Saturday, September 11, 2010


On Saturday we arrived in Shirati, Tanzania, and man were we surprised
at how different it was from Kisii, Kenya! In almost every aspect the
two East African countries are completely different; first let?s start
with the pace. Kisii although not at New York speed is a fast paced
city with congested streets, motorcycle taxis that weave in and out of
lanes (sometimes causing accidents), and there is always a constant
clamor of street vendors trying to sell you their merchandise. But
when we approached the small town it was apparent that city life would
be forever left in Kenya by the unpaved, pothole filed dirt road that
led us into the town of Shirati. The drive on the dirt roads seemed
like years due to the constant bumps that our van had to endure, but
also the constant stares that we received from the people.
Finally we made it to the hostel where we would be residing for the
next three days, completely intact but exhausted from spending the
whole day driving in that sweltering van. The hostel was a big change
from Ufanisi Resorts where people wait on you hand and foot. We had
the house all to ourselves which was nice because we wanted peace and
quiet from the loud night life in Kisii, but we soon found out that
would not be the case here either. There was always loud music playing
in the distance, dogs barking, and an annoying clicking sound that was
unrelenting. Sunday I spent it sleeping while the others went to Lake
Victoria and Renee went hiking up the mountain nearby. Finally I got
up and went out to go visit the lake which was absolutely spectacular.
The next day was all work and no play, or should I say a lot of
waiting. The day started out very S L O W?My mother had to give a talk
to the whole hospital staff and for the life of them they could not
get the projector to work. We had to set up the rooms, start
interviewing patients (but really wait for patients to arrive), and
get things in order. By noon only nine patients had been registered, a
huge change in pace from Kisii (it continued at that pace for the rest
of the trip). Cryotherapy was needed to help treat the patents but
there was no gas! So no surgeries could be completed and all we could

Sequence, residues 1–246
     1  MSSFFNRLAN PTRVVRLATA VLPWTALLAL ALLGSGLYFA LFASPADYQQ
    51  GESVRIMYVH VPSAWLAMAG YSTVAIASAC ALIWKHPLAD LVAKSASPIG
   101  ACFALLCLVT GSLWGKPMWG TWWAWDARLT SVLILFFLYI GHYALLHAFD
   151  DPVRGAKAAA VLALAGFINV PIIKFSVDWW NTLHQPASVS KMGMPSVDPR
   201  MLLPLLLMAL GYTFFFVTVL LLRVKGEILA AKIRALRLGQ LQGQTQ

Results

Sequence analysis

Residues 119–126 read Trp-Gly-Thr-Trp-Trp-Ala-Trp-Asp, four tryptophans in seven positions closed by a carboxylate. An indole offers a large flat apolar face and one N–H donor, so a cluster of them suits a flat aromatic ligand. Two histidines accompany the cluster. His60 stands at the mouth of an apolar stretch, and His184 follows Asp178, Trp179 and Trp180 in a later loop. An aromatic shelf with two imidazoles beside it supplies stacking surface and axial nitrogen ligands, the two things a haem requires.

do were cervical exams; which is very hard because patients would
probably not receive the care they need if we did not treat them. We
could refer them to a hospital several hours? drive away, but many
patients did or do not have the money to go get the help they need. At
the end of this very short visit, the whole group felt defeated and
even contemplated the fact if we should even come back to the hospital
again. We were all ready to leave and have a change of pace at the
next place and so we did?.
Bukumbi was a suburb of Mwanza (the second largest city in Tanzania
aside from Dar Es Salaam) we were all excited to get to Mwanza and do
some shopping! (It was an all women group besides our amazing drivers
Manuel and Mike) We set out around 11AM for the supposed 4 hour drive,
but of course while in Africa you are supposed to expect the
unexpected! And man were we surprised while driving through the
Serengeti, we came upon a bridge with Baboons!

We kept on driving and there were ZEBRAS and WILDEBEESTS!
see wildebeest in background

It was like a free Safari, BUT all the fun came to and end at another
bridge (cue the horror music). There was a huge truck that got a flat
tire in the middle of the narrow bridge, and unfortunately the truck
was way too heavy to push it off to the side of the road so we had to
wait and wait and?.. wait. Cars stopped and waited, people walked
around, and even vendors sold bananas and sugar cane! (I of course did
not get to eat anything because I was fasting) We waited for what
seemed like forever but it was only an hour. Anu and I began to get
antsy and thought that we would not reach Mwanza in time to go
shopping. Anu said to me, ?Soon people are just going to build houses
and create a village on the side of the road!? Finally the truck
received a new tire and we were on our way, but not in time to go
shopping. By the time we got to the city all the shops were closing
and it was even time for me to break my fast. We had dinner at a
surprisingly good Chinese place right on Lake Victoria in Mwanza, and
then we headed for the hospital in Bukumbi at which we were working at
as well as residing.
We got there, settled in, and everyone was very pleased with our
sleeping arrangements (it was quite an improvement from our less than
clean hostel in Shirati). The next day my mother gave another lecture
to the nurses and doctors that we would be training the next two days,
we setup the rooms as usual, and things were underway (way different
from Shirati). We saw close to 25 patients the first day, but again we
could not do any procedures because THERE WAS NO GAS; so all the
patients had to be referred again to the Mwanza hospital nearby.
Aside from the absent gas the nurses and doctors were eager to learn
and apparently liked to read as well because one of the male midwife
nurses (one of many) pleaded with me to let him borrow one of my
summer reading books that I desperately needed to complete. I
eventually gave in and let him borrow the book, and the next morning
he said, ?I love this book; I think you will leave this book with me.?
I had to finish it so I politely and as sorrowfully said no, but by
the end of the day I had finished it and decided to give it to him.
(see book in bottom right corner)
The day was similar to that of which before but sadly my partner in
crime and good friend, Anu and her mother Raji left mid day to go
visit family in Dar Es Salaam. And another person was also gone and
well missed, Monica, who had to leave abruptly for a family emergency,
and we continued to send her our prayers. There was also a huge
atrocity early in the morning?.NO ONE WOKE ME UP?.therefore I slept in